Keir Starmer: The human rights lawyer turned Labour Leader

Keir Starmer, the human rights barrister turned Labour Party Leader, has made it a manifesto pledge to pursue a "new strategic partnership" with India, including an FTA, if handed a mandate to form a Labour-led government in Thursday's general election.
Keir Starmer
Keir Starmer

London | Keir Starmer, the human rights barrister turned Labour Party Leader, has made it a manifesto pledge to pursue a "new strategic partnership" with India, including an FTA, if handed a mandate to form a Labour-led government in Thursday's general election.

Sir Keir, who was knighted by the late Queen Elizabeth II for his services to law and criminal justice, spent much of his career in the legal profession before stepping into the world of politics, first elected as Labour's member of Parliament from London in 2015.

The 61-year-old father of two teenage kids, who he and his National Health Service (NHS) employee wife Victoria have chosen to keep out of the political spotlight, has been credited with reversing the party's fortunes from one of its worst poll performances in the 2019 general election to the edge of government.

The other turnaround Starmer worked on was to try and re-build Labour’s connect with the Indian diaspora, alienated under former leader Jeremy Corbyn over a perceived anti-India stance on Kashmir.

"I have a clear message for you all today: this is a changed Labour Party," declared Starmer at the India Global Forum (IGF) last year, setting the tone for the party's India-UK outlook.

"What my Labour government will seek with India is a relationship based on our shared values of democracy and aspiration. That will seek a free trade agreement (FTA), we share that ambition, but also a new strategic partnership for global security, climate security, economic security,” he said.

This approach has been entrenched in the party's 2024 election manifesto, which commits to seeking a “new strategic partnership with India, including a free trade agreement, as well as deepening cooperation in areas like security, education, technology and climate change”.

During a visit to the Shree Swaminarayan Temple in Kingsbury, north London, on the campaign trail last week, he sought to reassure British Hindus that there is “absolutely no place for Hinduphobia in Britain”. It is a message he has been reiterating over the past few years during celebrations of Diwali and Holi, preparing Labour to form a government after 14 years in Opposition.

Born in London to a toolmaker father and an NHS nurse mother, Starmer grew up in the town of Oxted in Surrey. He has spoken emotionally about his mother, Josephine, suffering from the debilitating condition of Still’s disease which she succumbed to a few weeks before he first became an MP in 2015.

He believes he has inherited the grit and determination of his mother and the strong work ethic of his father, Rodney, whose manual labour drives much of Starmer’s vision to ensure respect for those who work hard.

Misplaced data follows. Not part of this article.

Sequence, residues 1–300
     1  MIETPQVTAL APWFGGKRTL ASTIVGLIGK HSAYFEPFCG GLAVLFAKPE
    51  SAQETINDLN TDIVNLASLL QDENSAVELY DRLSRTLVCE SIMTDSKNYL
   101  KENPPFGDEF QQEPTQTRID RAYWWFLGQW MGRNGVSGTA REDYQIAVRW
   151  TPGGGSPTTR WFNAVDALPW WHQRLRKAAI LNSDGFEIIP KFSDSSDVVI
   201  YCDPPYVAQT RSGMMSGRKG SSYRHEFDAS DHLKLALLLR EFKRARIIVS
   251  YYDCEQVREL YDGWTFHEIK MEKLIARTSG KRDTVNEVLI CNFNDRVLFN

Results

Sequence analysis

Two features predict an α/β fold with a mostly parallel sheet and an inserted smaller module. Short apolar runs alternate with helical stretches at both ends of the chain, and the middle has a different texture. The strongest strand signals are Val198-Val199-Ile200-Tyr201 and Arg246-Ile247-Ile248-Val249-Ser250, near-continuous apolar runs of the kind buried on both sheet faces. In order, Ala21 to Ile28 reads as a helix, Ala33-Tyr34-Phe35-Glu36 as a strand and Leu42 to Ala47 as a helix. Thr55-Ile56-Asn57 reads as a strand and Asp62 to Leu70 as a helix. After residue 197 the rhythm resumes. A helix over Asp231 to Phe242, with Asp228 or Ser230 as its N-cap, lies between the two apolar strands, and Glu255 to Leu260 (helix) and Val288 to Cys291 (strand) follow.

"I carry the disrespect my dad felt because he worked in a factory, that really impacted him, that made him recoil from company and become quite isolated,” he told ‘The Sunday Times’ in a recent interview.

“It is among the reasons that I will never treat people with disrespect,” he said.

In the televised election debates, Starmer has played second fiddle to the natural debating charm of Rishi Sunak and is often branded as being quite dull. But just like Sunak, he also has a University of Oxford background where he studied law and rose up the ranks to be appointed the Director of Public Prosecutions (DPP) under a Labour-led government. He has often drawn upon this experience as the chief prosecutor of the country in debates in the House of Commons, to claim that he has the practical experience of dealing with criminal gangs.

As a new MP in 2016, the staunch anti-Brexiteer assumed the key role of shadow Brexit secretary under then leader Jeremy Corbyn and supported the latter to fight for what he said was the “future of the Labour Party”.

Following the debacle of the 2019 general election, he stepped up as party leader and has sought to distance himself from the past party line to stress that Labour under his leadership now has a fully costed manifesto that focuses on the key public concerns of housebuilding, growing the economy and fixing the NHS.

On foreign policy, there is likely to be a large degree of continuity as Labour chimes with the Tory stance on the UK’s support for Ukraine in its ongoing conflict with Russia. Some changes are expected in the approach to the Israel-Gaza crisis, as Labour plans to stop arms sales to Israel and wants to progress towards recognising the Palestinian state.

The overall sense of a Starmerite vision for the UK is of a leader who is itching to fix things that he feels have been broken because of the “chaos” of several leadership changes within a divided Conservative Party in the past few years.

“If you want change, you have to vote for it” – has been the central theme and message of his general election campaign. Despite all opinion polls forecasting a so-called “supermajority” on the scale of 1997 when Blair stomped to victory over John Major, Starmer’s election strategy has been characterised by caution. The Labour leader has done everything in his power to hold on to his party’s clear lead in the run-up to the election.

"If we get the opportunity, we will govern as we have changed Labour, which is to take the country from the pretty poor place that it’s in at the moment and to seriously change it, so that by the end of the first term of a Labour government people will be able to say, ‘do you know what, I am better off’,” he declared.

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